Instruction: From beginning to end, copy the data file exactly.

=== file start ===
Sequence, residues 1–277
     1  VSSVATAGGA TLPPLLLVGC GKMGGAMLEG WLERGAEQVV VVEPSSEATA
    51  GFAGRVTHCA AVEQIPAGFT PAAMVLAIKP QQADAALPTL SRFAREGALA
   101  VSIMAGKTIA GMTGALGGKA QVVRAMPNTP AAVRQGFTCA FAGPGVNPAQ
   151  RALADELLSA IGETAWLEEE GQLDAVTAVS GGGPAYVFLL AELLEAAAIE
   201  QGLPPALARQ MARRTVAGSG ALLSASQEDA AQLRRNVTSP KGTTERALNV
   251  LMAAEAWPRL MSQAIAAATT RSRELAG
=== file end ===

Sequence, residues 1–277
     1  VSSVATAGGA TLPPLLLVGC GKMGGAMLEG WLERGAEQVV VVEPSSEATA
    51  GFAGRVTHCA AVEQIPAGFT PAAMVLAIKP QQADAALPTL SRFAREGALA
   101  VSIMAGKTIA GMTGALGGKA QVVRAMPNTP AAVRQGFTCA FAGPGVNPAQ
   151  RALADELLSA IGETAWLEEE GQLDAVTAVS GGGPAYVFLL AELLEAAAIE
   201  QGLPPALARQ MARRTVAGSG ALLSASQEDA AQLRRNVTSP KGTTERALNV
   251  LMAAEAWPRL MSQAIAAATT RSRELAG